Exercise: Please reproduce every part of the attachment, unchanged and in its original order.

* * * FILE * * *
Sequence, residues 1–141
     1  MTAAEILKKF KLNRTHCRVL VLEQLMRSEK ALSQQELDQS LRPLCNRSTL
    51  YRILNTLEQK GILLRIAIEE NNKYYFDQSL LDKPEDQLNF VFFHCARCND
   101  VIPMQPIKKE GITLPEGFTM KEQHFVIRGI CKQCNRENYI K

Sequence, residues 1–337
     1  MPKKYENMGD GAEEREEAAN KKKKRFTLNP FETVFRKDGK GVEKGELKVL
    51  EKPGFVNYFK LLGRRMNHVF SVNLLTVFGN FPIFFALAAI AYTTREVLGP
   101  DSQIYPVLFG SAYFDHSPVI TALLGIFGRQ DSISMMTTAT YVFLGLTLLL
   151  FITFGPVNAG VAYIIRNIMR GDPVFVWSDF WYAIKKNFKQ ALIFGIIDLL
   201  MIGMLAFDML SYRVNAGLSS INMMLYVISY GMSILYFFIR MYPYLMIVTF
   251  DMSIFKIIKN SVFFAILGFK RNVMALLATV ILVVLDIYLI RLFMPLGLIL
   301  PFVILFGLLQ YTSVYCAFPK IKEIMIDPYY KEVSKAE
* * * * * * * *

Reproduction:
Sequence, residues 1–141
     1  MTAAEILKKF KLNRTHCRVL VLEQLMRSEK ALSQQELDQS LRPLCNRSTL
    51  YRILNTLEQK GILLRIAIEE NNKYYFDQSL LDKPEDQLNF VFFHCARCND
   101  VIPMQPIKKE GITLPEGFTM KEQHFVIRGI CKQCNRENYI K

Sequence, residues 1–337
     1  MPKKYENMGD GAEEREEAAN KKKKRFTLNP FETVFRKDGK GVEKGELKVL
    51  EKPGFVNYFK LLGRRMNHVF SVNLLTVFGN FPIFFALAAI AYTTREVLGP
   101  DSQIYPVLFG SAYFDHSPVI TALLGIFGRQ DSISMMTTAT YVFLGLTLLL
   151  FITFGPVNAG VAYIIRNIMR GDPVFVWSDF WYAIKKNFKQ ALIFGIIDLL
   201  MIGMLAFDML SYRVNAGLSS INMMLYVISY GMSILYFFIR MYPYLMIVTF
   251  DMSIFKIIKN SVFFAILGFK RNVMALLATV ILVVLDIYLI RLFMPLGLIL
   301  PFVILFGLLQ YTSVYCAFPK IKEIMIDPYY KEVSKAE